One of my strongest emotional memories as a (youngest) child was figuring out how I might be able to move out of home without effectively deserting my (single, divorced) mother. I envied my older siblings because they could move without consequence, knowing that I remained at home to provide companionship…I would lie awake at night trying to figure out how this dilemma could be overcome and the prospective guilt was really quite overwhelming.

As I said, misguided. My mother actually couldn’t wait for me to move out so she could finally have a life of her own. :smiley:

Thanks all! Non-rigorous pop psych was sufficient for my purposes.

In my family, it was the second child who got the hell out of Dodge at her first opportunity, while the oldest stayed home until she got married. With my own kids, the two younger ones left the nest first, while the oldest has stayed in town.

Both our kids went to college far away, but the youngest one went from there to Germany. My wife and I both went reasonably far away and then further, so it was no big deal.

Do you find that older kids are more comfortable at larger colleges? And “babies” prefer smaller?

Gwiw, I think gender matters, and also the gender mix and also the gender/sibling hierarchy.

Sorry :wink:

Of my in-laws’ children, my wife, the oldest, lives closest to them, and the youngest lives second-furthest (child # 2 is the furthest from the “nest”). But the youngest’s move was purely out of economic necessity, and she and her husband have frequently looked for job opportunities closer by.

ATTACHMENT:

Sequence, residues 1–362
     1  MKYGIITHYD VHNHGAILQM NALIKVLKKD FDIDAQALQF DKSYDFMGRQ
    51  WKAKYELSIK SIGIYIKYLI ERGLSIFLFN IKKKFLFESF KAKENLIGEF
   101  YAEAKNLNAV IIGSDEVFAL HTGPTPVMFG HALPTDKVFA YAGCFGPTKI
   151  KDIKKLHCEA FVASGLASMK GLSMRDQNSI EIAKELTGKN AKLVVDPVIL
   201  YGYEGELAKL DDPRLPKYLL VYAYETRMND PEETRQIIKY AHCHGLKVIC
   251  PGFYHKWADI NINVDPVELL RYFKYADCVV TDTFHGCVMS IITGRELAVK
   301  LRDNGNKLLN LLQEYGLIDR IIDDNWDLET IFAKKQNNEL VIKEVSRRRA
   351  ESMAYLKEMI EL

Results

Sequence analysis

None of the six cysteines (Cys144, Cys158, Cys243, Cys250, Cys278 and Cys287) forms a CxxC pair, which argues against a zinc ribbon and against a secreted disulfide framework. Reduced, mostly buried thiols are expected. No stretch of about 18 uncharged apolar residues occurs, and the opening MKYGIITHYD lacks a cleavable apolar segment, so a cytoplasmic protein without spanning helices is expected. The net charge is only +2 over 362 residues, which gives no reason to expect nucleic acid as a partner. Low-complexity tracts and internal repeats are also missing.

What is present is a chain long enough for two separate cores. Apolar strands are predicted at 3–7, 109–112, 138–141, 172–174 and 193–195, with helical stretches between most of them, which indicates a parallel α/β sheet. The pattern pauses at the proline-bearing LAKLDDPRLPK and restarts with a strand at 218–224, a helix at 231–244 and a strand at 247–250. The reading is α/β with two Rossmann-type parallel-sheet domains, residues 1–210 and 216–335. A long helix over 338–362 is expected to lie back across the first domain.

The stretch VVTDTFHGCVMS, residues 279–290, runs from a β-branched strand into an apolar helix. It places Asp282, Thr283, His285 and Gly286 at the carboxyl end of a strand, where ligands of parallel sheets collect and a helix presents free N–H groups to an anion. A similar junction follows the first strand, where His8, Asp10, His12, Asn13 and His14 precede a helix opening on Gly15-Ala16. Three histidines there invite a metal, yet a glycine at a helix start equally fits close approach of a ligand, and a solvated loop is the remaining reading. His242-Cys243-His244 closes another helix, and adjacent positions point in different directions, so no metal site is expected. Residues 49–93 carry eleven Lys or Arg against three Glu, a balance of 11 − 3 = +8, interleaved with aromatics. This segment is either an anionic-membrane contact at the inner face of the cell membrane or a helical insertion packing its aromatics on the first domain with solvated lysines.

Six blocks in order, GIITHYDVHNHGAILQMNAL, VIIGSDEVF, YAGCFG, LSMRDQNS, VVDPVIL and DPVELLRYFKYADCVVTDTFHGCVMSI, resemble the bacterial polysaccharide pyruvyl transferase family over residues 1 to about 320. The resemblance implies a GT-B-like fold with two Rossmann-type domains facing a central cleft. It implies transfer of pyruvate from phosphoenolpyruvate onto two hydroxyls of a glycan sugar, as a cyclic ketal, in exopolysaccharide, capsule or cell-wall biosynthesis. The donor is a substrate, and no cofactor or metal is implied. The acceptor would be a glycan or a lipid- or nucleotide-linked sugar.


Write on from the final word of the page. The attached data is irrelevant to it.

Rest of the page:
There are so many factors that go into where one lives, I find it hard to imagine that there’s any way to meaningfully determine if birth order makes a difference.

Interesting. My gut reaction would be to switch the middle and youngest children around. I know many families where the middle kid is the hell raiser, at least compared to the other two. It’s almost become a truism for me: the first child is the cautious, responsible one, the second child knows no fear, the third finds their own niche.

While statistically there might be some pattern actual indivdiuals will be all over the map (sorry).

In my family, I’m the youngest and live furthest from the parents, and that’s usually been the case. Second oldest lived second farthest. Oldest and second youngest lived in a similar distance away from the parents.

You’ll find exceptions to your theory all over the place.

Sorry! for my purposes:

data point=anecdote

What does this even mean? The plural of anecdote isn’t data. What are you attempting to do with this “data”?

Mark-Unsure why you are getting involved with this but: you’ve never heard the phrase “anecdote doesn’t equal data”?

I’m betting reality is the opposite of your hypothesis, etv78. Do a poll about who lives nearest to look after Mom and Dad, and I’m fairly certain it’s the Oldests who have overwhelming been saddled with that while the younger kids weren’t guilted into staying near enough to help out. Not exclusively, of course, but the lion’s share.

Who pissed in your Weeties this morning?

I’m inclined to agree, now that you point it out.